Show leadership. Franklin trusted to God and deferred urgent decisions, such as making an early attempt to seek rescue. Your staff will be looking to you. Of course you can put on a brave face, but no one appreciates blind or misplaced optimism. They would rather you were honest. Everyone should be mobilised in getting you out of trouble. This will mean making a series of tough decisions and being more decisive than ever. It may push you out of your comfort zone, but this is what leaders do.

Get help early. Don’t wait for the ice to melt. A difficult market is not suddenly going to improve. You need to make things happen while you still can. There are points of no return. By the time Franklin’s ships were finally abandoned, the men had neither the food nor the energy to reach safety. Don’t be proud and let your business reach such a point. Look at every option you can, whether it be with banks, new investors, partners or potential acquirers. Get advice from people you trust. They will probably have options you are not aware of.

Get rid of troublemakers. You are unlikely to have a murderous psychopath like Mr Hickey on your payroll. But you may have staff better suited to performing in calmer waters. If there are doom mongers or people who disrupt the rest of your crew, you have to get rid of them early. Sir Ernst Shackleton worked marvels when his Endeavour expedition stuck fast in the Antarctic in 1912, moving the worst troublemakers into his tent to shield others. It sounds inspirational, but you won’t have the time or energy for this. So act fast or morale will plummet. Your bigger responsibility is to keep the core staff who are going to get you out of the trouble, both focused and motivated.

Keep feeding your staff. The crews of the The Terror and Erebus had to reduce rations over time, especially as that pesky polar bear had chased off any game. You will need to quickly bring your burn rate under control to give you as much runway as possible. It is better to rightsize your business and keep those that remain on three quarter rations rather than starving everyone. Try to get the business model rebalanced. Avoid the temptation to pay people in equity. That is like the tinned meats Franklin’s crew were forced to eat, which gave them lead poisoning. Equity does not pay bills and only nourishes when there is a prospect of its value being realised. Staff with too much equity can resent being tethered to a sinking ship. And if your repurposing does work, you will want the equity back.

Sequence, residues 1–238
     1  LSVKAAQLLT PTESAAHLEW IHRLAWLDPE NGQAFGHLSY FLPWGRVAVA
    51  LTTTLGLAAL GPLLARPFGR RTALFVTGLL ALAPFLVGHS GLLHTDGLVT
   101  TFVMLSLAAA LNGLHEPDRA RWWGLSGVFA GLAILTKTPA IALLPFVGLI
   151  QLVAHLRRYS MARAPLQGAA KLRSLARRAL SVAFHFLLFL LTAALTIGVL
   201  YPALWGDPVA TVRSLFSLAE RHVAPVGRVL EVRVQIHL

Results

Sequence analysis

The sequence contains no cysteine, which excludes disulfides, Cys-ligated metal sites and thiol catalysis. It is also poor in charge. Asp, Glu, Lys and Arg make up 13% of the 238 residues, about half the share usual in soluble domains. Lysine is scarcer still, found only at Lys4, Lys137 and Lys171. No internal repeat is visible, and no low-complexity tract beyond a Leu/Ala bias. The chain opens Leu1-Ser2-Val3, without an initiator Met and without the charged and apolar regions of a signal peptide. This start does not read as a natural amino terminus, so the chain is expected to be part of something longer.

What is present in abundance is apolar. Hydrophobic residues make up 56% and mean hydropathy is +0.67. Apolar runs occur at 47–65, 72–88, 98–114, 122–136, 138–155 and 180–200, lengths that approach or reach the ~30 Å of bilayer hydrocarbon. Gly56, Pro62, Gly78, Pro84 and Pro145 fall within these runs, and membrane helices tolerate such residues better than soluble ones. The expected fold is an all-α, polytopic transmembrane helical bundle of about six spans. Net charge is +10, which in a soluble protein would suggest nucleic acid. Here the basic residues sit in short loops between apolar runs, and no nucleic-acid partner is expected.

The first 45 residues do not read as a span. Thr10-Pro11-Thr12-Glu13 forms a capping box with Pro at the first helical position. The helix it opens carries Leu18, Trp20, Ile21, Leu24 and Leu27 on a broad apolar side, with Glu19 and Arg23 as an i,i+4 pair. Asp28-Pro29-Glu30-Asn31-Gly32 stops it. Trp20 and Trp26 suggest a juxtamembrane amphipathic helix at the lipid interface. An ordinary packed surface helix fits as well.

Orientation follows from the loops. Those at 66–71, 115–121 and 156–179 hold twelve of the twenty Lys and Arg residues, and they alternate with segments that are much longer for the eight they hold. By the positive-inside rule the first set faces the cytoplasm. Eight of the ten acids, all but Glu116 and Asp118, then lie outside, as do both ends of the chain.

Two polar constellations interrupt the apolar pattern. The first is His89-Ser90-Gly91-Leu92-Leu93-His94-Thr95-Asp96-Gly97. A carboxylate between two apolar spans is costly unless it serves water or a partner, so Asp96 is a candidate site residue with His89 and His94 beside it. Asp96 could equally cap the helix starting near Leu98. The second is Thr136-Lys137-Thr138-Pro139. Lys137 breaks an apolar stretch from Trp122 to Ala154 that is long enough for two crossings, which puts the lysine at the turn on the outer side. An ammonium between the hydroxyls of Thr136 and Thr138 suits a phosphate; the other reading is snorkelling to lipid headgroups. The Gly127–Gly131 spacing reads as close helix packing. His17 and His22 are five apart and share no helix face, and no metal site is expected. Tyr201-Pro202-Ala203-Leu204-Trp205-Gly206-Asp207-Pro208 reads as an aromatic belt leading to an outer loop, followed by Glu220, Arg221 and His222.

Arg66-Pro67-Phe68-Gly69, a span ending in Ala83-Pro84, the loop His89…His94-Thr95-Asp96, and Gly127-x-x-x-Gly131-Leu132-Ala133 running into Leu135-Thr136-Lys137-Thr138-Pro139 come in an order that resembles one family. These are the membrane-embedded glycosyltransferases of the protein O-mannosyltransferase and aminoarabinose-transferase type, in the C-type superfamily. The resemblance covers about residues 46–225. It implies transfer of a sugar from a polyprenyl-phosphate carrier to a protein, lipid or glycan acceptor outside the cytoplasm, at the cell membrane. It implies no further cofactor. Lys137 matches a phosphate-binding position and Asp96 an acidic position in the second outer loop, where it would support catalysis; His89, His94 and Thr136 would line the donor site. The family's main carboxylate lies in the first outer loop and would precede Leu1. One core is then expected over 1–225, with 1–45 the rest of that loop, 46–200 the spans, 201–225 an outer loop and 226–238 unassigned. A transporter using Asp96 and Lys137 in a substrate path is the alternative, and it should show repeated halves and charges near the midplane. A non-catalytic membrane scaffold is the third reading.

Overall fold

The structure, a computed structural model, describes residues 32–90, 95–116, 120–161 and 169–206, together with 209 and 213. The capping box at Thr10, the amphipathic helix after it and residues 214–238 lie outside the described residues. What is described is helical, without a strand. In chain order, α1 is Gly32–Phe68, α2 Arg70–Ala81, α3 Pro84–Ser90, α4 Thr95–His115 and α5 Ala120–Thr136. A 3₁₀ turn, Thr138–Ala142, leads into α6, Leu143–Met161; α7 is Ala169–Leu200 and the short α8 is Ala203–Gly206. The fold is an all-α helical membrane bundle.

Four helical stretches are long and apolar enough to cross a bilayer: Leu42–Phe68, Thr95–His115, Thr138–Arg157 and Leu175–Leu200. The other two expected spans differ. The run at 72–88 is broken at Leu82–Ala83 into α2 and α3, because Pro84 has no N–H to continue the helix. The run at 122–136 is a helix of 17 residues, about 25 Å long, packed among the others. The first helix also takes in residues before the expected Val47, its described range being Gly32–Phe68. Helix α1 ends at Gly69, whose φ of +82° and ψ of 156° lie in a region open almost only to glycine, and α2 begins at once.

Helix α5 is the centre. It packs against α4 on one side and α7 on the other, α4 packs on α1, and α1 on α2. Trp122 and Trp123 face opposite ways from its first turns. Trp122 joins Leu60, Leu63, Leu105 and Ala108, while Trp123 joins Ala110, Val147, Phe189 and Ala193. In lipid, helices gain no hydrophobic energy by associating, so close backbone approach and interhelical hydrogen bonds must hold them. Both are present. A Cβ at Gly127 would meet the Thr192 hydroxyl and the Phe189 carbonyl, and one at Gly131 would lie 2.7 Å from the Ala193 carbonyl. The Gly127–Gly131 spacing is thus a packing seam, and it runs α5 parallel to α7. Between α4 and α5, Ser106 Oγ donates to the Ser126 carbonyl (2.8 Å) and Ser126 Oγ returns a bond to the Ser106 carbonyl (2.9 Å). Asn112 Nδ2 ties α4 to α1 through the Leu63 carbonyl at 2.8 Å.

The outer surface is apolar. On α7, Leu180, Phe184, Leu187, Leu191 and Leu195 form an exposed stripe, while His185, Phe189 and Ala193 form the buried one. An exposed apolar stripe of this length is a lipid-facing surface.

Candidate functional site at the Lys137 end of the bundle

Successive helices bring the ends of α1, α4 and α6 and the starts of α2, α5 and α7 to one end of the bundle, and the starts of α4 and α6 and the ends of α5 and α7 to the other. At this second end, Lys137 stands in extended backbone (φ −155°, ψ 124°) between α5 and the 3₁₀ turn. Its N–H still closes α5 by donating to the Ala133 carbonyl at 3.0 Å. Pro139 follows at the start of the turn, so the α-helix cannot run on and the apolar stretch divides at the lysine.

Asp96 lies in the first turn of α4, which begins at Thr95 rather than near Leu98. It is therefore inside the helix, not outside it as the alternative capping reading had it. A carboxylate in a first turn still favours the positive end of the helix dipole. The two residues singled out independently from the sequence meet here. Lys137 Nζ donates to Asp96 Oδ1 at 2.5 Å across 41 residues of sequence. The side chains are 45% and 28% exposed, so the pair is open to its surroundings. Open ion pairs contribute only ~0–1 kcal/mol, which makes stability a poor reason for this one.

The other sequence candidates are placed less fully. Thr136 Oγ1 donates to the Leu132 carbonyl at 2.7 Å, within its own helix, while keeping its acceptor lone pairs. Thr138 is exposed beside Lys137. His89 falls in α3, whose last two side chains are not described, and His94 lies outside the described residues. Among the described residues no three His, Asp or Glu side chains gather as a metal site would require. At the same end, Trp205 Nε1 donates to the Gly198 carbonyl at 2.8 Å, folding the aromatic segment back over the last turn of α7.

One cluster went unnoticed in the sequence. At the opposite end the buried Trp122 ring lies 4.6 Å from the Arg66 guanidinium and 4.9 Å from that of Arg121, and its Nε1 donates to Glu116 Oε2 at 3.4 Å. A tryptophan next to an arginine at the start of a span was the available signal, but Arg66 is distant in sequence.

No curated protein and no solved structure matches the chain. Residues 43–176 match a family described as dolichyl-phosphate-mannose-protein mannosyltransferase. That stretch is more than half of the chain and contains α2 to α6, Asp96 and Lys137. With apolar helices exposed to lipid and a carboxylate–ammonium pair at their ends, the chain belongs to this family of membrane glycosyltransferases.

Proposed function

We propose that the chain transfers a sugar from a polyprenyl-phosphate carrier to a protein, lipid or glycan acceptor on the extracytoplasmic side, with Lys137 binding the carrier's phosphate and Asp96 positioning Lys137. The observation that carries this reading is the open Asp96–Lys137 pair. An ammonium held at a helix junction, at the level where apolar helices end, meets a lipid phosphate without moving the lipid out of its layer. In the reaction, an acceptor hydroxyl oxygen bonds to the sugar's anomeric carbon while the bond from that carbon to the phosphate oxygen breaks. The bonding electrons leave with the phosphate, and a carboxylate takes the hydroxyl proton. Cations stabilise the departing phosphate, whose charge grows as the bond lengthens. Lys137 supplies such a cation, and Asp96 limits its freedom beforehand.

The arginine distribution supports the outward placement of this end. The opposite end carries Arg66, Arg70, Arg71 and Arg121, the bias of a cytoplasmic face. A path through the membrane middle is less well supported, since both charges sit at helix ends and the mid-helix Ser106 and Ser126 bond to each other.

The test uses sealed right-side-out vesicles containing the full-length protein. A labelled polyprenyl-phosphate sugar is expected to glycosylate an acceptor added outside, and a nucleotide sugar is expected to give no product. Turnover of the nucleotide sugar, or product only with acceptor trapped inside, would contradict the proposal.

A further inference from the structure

Keep analysing. One of Franklin’s men, the anatomist Mr Goodsir, was one step ahead of everyone because he was constantly analysing their situation. This is exactly what you need to do. Set emotions aside and coolly dissect what has happened and why. Only through an accurate diagnosis of your predicament can you hope to find a cure. At any given moment, businesses form a ‘dynamic state’ within their market. You need to accurately understand both, so you can reconfigure and try to reignite growth.

Fortunately most founders today have created businesses with agile principles at their core and a data-driven early warning system. You can detect potential stall points before they happen and act quickly and decisively to avoid them. If you don’t have either of these, you may want to consider them.

In the meantime do watch The Terror. For the learnings. For the dramatic pleasure. And for the reassurance that if things go wrong in your business, you are unlikely to have to worry about a supernatural polar bear trying to eat you.